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What Is Taoism?

Taoism is an ancient religion and philosophy that promotes living a good life, in harmony with nature and the universe.
Lao Tzu is thought to have been the first person to express the tenets of Taoism in the Tao Te Ching, but today people believe that the Tao Te Ching was the work of numerous philosophers over a long period of time.
Tai Chi has its roots in Taoism.
Taoism began in China some 2,500 years ago.
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Taoism is an ancient religion and philosophy that began in China some 2,500 years ago. Tao, also transliterated 'Dao' in English, means literally the Way, and Taoism is simply guidelines for living a good life, in harmony with nature and the universe. Taoism is contemporary and complementary to Confucianism, although Taoism claims to precede Confucius - one can adhere simultaneously to both schools of thought and many do. Religious Taoism posits the existence of numerous supernatural entities, but one can follow the Way without necessarily attributing any belief to the literal existence of ghosts and gods.

The principles of Taoism were first expressed in the Tao Te Ching, often attributed to Lao Tzu, although modern scholars believe it is the work of numerous philosophers over a long period of time. It is perhaps the oldest book in the world. In a series of enigmatic verses, the Tao Te Ching spells out the difficulty of grasping an understanding of the Way: "The way that can be walked is not The Way. The name that can be named is not The Name."

One of Taoism's primary tenets, which makes it attractive to modern Westerners, is the concept of wu wei, or 'do nothing', interpreted to mean that following the Way means leaving very little human imprint on nature, but leaving things as you find them. Nature maintains a perfect balance, which we disrupt with our acquisitiveness, building, destroying, removing and remaking until nature itself has been subdued.

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Taoism recognizes the duality of life, and the yin-yang symbol, commonly thought to represent the male and female principles but really representing the duality of everything, is an important symbol both in Taoism and in eastern thought in general. Taoism also embrace the concept of qi, often spelled ch'i or ki, the universal force or energy that inhabits all things, living and inanimate. Balancing the qi is the focus of the practice of feng shui, in which placement of one's household and its objects can be optimized to create health, wealth and happiness.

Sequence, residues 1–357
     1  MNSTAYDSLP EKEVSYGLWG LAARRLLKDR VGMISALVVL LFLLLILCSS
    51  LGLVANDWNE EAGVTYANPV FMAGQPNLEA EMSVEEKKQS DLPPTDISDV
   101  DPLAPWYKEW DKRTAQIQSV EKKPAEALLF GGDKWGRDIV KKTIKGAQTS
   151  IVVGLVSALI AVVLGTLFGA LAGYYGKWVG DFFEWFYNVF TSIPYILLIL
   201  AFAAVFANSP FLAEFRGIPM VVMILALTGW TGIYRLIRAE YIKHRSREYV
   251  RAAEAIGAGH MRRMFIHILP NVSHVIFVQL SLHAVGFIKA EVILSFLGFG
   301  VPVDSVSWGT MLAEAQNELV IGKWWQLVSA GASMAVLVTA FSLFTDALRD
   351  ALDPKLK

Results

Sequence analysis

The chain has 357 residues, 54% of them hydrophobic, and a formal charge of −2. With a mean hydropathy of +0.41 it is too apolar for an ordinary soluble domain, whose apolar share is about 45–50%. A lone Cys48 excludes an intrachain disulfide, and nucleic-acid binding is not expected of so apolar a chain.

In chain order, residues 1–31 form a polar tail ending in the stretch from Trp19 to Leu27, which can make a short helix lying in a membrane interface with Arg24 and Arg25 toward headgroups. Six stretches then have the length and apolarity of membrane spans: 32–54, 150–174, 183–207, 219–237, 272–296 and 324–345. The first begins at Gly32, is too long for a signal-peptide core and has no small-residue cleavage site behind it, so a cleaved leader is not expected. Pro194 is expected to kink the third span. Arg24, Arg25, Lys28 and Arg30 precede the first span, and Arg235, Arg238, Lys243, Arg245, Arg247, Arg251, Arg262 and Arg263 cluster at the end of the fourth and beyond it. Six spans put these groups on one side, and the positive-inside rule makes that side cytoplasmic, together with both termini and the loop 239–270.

Ritual is an important part of religious Taoism, and the rites are specific to particular deities and departed ancestors. However, ritual has a different place in the life of a Taoist than in a contemporary Westerner, in that anyone can, and should, perform their own rituals without the intermediary of a priesthood. Households have home altars and offerings are made by the head of the household, or in fact any person who wishes to. Taoism is currently becoming quite popular in the West, since its principles are often experienced in Tai Chi, Qi Gong and other martial and fitness disciplines imported from China.

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SteamLouis
Post 5

It took me some time to understand what was meant by the term "tao." It's actually very similar to the concept of "om" in Hinduism. Neither of these point to a specific thing or God. It's about the universal order. I like to think of as simply being "everything."

Since "tao" is so general, it has probably led to the belief in different deities as the manifestations of tao in Taoism. And there is a lot of flexibility and freedom in Taoism as well. It has its main principles like order, nature, peace, simplicity, morality and detachment. But I think there is also a lot of leeway allowing its followers to experience "the way" in their own unique perspective.

serenesurface
Post 4

Taoism is also a religion of non-violence. People who conform to this belief system are not supposed to engage in any kind of violent and aggressive behavior.

I think this is because Lao Tzu left the then civilized world to get away from violence and conflict. He was looking for peace, and his followers are supposed to do the same.

turquoise
Post 3

I have several friends who practice feng shui in their everyday lives. They don't really practice any other aspect of taoism though. I think this is a recent phenomenon. We are learning about Eastern beliefs and practices and can take whatever we wish from them.

You don't necessarily have to be a "taoist," or anything else really, to benefit from their worldview and way of life. You can adapt any of the beliefs and practices you want as long as it makes you happy!

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